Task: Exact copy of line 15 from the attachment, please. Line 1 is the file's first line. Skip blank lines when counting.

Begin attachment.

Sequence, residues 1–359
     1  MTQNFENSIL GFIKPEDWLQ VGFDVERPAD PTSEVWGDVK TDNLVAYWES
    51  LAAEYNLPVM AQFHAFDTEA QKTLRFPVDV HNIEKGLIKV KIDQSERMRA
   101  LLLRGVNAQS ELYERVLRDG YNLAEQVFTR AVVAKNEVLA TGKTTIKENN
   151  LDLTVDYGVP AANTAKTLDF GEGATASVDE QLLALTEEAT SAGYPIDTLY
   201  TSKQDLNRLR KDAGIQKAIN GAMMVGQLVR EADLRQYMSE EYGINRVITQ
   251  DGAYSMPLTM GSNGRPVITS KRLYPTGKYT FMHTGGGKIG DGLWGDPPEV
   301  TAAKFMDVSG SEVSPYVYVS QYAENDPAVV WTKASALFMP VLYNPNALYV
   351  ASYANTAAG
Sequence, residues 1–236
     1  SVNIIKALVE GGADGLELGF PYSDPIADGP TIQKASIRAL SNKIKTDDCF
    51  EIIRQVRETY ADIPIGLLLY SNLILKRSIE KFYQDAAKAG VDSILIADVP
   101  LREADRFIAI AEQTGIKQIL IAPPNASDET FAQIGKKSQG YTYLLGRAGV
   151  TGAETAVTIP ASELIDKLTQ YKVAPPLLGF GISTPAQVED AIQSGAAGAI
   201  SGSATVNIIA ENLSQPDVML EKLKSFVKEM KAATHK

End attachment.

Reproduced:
   201  SGSATVNIIA ENLSQPDVML EKLKSFVKEM KAATHK